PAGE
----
Wright was eventually toppled by an ethics investigation, but not before proving an effective foil for Republican legislators. His foremost nemesis was a former historian from Georgia who'd come to Washington a decade before, promising Republican victories: Newt Gingrich. "If Wright ever consolidates his power," Gingrich warned in 1987, "he will be a very, very formidable man. We need to take him on early to prevent that." Seven years later, Gingrich led a Republican revolution and the GOP took control of the House, ending four decades of nearly uninterrupted Democratic control.

Gingrich ushered in a new type of politics—and the nation has never recovered. "He attacked the Congress that he wanted to lead," says Waxman, who now runs a lobbying company. "He was successful in using a very sharp edge in describing Democrats as not Americans." In 1990, a Republican organization disseminated a guide to legislators who, the publication claimed, sounded an increasingly loud refrain: "I wish I could speak like Newt." They have been speaking like him ever since, even though Gingrich—plagued by ethical troubles and dissatisfaction from fellow Republicans—has long since left the Hill to ply his rhetorical trade on Fox News.

A second Republican revolution occurred in 2010, this one powered by the Tea Party, which succeeded in undermining President Barack Obama. The Republicans who have maintained control of the House since that election (they took control of the Senate in the 2014 midterms) have routinely bickered about the most basic procedural matters. They shut down the government. They dedicated more than eight years to repealing the Affordable Care Act, but weren't able to do it. And they held exhausting hearings on the attack on the U.S. consulate in Benghazi, Libya, which even House Majority Leader Kevin McCarthy has said were a ploy to harm the presidential prospects of Hillary Clinton.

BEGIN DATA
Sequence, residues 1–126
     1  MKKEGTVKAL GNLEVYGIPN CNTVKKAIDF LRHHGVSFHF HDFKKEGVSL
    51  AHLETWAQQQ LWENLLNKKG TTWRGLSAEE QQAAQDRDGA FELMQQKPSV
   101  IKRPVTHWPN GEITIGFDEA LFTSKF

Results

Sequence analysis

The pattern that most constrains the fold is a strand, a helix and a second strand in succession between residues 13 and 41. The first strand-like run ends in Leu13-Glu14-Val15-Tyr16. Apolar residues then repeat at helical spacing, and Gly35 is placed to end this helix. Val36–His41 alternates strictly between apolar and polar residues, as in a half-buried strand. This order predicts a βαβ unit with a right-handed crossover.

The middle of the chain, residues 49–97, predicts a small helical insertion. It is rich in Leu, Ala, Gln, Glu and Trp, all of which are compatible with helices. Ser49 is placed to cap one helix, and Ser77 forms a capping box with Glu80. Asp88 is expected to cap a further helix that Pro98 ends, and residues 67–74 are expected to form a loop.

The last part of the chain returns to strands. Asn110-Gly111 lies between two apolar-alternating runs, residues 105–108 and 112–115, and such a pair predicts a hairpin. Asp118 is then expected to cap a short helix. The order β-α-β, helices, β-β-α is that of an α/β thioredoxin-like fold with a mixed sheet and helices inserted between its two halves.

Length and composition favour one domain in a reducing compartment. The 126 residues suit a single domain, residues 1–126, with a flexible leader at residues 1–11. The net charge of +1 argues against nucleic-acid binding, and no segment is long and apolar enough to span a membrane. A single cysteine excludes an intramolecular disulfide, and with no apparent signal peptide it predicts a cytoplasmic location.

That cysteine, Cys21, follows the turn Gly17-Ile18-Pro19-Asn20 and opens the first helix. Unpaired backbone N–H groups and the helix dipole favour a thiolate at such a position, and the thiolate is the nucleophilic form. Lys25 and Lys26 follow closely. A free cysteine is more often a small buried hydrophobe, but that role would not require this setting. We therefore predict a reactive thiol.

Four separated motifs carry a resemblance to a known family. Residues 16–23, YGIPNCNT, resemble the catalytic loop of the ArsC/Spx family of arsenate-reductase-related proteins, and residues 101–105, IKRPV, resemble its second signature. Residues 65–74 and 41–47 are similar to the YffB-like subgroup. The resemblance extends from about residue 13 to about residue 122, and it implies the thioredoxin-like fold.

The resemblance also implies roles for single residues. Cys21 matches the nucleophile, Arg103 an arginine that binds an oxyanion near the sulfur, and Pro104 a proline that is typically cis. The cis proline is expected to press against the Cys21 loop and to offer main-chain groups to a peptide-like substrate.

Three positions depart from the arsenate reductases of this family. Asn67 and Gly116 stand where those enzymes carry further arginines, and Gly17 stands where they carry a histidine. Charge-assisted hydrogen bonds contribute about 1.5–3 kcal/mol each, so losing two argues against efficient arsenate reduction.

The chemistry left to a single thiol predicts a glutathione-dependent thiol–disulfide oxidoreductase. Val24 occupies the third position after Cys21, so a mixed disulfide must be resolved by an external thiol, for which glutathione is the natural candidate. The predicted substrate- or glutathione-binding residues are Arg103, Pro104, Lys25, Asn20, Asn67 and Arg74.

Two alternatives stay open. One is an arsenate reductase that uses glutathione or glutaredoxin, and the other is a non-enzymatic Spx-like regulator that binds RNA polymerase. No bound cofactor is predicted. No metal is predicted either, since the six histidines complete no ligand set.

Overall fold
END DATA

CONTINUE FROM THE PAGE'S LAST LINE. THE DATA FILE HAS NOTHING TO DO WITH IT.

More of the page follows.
An attendee holds a sign during the 2018 Women's March in Las Vegas. Demonstrators there and across the nation gathered one year after the historic Women's March on Washington, D.C., to protest President Donald Trump's administration and to raise awareness for women's issues. Ethan Miller/Getty

Trump promised to bring his managerial skills to Washington, but his tweets seem to routinely scuttle legislative business, leaving House Speaker Paul Ryan and Senate Majority Leader Mitch McConnell confused. The House Intelligence Committee's investigation into Russian electoral meddling turned into a battle of competing memoranda, one issued by Republicans, the other by Democrats. Last year's tax reform bill, its merits aside, was further evidence of how little Congress prizes cooperation—and how thoroughly it rewards partisan rancor. So it's not surprising that Congress's popularity is only 18 percent, according to Gallup; what's surprising is that it isn't lower.

Lawrence, however, remains an optimist. The nation got through Watergate. It will get through this—whatever this supremely strange moment in American politics ends up being. "The rumors of the death of democracy," he says, "are very much exaggerated."